In 1971, known turbo-expert, teacher and author, Hugh Machlnnes authored the book How to Select and Install Turbochargers by publisher H.P. Books. The impressively comprehensive book was full of information and examples of the practical application of turbocharging. As Hugh put it, “If the average backyard hot rodder can use this manual and end up with a turbocharged machine which will consistently beat his buddy’s car or boat with a naturally aspirated engine, then I feel it has been a success.”
After more than a decade of building high-performance supercharged engines, Gale switches to turbocharging in 1970 for the first “Gale Banks” branded turbocharged marine engine. The change came about when testing revealed that turbocharging actually provided a more usable range and was superior in making more power with better fuel efficiency by using wasted exhaust gas over that of a mechanically driven blower. The change to turbos from superchargers also proved to be less punishing to the engine mechanically, causing less wear, meaning an extended engine life and far less rebuilds between races. Race teams found that the engines would run under the extreme conditions for an entire season before needing to service. Naturally, through their mutual love of all things turbocharged and the relentless pursuit of power, Gale and Hugh became fast friends.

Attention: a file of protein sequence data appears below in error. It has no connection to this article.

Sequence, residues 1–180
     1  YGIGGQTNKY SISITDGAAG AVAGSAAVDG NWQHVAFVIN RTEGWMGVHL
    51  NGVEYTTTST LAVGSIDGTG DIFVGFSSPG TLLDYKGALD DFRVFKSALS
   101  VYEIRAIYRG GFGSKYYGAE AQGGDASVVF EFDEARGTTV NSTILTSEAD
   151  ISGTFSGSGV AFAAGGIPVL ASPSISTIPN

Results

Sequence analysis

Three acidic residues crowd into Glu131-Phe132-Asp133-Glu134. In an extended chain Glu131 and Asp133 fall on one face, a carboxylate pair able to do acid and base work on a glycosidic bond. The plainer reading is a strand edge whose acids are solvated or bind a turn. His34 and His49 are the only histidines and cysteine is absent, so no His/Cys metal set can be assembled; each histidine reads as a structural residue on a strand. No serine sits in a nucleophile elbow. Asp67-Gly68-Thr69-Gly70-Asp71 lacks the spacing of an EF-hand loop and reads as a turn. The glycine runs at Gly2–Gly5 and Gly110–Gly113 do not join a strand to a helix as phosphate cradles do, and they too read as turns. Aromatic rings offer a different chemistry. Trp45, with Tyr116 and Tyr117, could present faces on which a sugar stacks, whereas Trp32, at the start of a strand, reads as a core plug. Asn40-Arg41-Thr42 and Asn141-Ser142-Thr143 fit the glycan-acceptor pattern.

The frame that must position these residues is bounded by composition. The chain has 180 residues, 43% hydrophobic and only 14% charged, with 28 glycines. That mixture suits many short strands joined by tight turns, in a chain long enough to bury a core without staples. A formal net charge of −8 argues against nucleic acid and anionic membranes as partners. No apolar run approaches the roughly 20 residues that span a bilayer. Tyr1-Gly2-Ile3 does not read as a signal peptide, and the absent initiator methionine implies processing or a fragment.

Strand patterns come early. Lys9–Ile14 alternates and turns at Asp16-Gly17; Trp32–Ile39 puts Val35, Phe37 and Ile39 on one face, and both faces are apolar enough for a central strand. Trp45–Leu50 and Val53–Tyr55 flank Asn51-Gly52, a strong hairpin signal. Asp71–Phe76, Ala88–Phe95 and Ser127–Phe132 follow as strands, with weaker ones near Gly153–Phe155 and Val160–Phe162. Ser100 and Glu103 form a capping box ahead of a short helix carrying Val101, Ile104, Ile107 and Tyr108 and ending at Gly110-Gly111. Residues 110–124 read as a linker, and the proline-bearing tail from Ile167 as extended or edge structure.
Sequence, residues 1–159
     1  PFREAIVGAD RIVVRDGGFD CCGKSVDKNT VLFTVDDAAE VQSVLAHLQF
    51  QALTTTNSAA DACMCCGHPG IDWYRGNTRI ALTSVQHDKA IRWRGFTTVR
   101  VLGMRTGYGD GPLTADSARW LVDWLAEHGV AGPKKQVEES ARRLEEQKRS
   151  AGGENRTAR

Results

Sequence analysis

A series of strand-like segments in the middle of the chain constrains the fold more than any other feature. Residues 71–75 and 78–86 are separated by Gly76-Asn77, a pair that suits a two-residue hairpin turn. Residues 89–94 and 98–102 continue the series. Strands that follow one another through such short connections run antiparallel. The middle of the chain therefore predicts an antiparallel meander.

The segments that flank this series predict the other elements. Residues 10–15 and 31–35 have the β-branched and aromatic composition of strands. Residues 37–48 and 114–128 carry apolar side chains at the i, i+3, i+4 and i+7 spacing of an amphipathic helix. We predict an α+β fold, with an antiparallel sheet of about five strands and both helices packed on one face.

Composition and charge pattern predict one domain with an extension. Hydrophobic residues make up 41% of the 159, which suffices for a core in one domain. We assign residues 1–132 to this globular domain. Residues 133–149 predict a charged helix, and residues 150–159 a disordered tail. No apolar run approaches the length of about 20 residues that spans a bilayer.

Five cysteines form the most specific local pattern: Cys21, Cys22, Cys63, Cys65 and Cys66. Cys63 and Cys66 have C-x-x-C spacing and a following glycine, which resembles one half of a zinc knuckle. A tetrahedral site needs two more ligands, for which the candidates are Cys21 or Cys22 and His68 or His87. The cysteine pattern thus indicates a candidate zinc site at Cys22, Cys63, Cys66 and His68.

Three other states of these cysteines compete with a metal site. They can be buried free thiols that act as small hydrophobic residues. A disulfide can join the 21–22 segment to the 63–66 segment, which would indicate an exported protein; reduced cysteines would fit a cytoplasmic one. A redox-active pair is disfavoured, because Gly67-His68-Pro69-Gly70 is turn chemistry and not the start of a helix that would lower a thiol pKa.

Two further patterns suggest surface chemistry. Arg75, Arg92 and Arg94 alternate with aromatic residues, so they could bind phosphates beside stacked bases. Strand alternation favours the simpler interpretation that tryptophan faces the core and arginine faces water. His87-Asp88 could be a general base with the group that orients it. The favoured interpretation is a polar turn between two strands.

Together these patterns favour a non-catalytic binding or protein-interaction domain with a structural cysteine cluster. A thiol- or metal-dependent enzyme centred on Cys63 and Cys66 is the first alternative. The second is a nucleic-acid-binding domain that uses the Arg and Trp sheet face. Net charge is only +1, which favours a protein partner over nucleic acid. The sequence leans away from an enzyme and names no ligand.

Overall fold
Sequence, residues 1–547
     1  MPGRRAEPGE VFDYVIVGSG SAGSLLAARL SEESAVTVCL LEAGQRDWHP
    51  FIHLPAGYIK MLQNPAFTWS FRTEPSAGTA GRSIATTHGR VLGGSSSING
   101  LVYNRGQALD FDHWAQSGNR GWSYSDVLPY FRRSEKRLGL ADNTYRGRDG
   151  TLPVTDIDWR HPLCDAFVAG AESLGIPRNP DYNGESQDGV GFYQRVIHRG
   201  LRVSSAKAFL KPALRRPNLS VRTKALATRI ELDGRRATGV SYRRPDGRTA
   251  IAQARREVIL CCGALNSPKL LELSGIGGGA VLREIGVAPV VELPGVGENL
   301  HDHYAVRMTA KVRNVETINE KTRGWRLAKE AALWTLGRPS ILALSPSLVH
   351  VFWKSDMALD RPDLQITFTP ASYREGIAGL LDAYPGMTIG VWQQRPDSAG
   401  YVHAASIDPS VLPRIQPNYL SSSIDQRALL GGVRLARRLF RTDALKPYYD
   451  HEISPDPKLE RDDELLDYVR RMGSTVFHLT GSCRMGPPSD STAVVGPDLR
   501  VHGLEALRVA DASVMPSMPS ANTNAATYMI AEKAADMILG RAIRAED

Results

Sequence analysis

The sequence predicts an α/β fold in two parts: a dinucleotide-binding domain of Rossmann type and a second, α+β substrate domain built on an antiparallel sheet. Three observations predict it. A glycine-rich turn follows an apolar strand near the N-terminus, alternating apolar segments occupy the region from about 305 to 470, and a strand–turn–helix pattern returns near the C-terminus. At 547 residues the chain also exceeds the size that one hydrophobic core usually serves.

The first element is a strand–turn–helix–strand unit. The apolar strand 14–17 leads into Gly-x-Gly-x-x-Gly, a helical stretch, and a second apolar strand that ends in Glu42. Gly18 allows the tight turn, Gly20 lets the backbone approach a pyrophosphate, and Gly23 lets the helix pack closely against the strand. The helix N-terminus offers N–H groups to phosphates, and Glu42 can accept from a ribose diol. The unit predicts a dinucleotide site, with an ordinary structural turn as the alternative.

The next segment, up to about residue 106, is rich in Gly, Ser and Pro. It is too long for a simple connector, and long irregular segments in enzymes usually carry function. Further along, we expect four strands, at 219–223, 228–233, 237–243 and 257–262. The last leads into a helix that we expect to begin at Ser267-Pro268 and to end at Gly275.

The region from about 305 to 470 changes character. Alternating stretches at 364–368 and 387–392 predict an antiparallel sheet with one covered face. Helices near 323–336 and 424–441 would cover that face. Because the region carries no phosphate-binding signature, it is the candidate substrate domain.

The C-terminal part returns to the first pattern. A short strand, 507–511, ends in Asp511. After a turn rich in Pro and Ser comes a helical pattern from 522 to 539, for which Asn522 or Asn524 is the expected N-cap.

In 1978 Hugh enlisted Gale’s help for an update of his book. This new book, simply titled “Turbochargers” was a best seller and the handbook for forced induction enthusiasts for generations. Banks twin turbo engines are featured on the cover of the various iterations of the book to this day.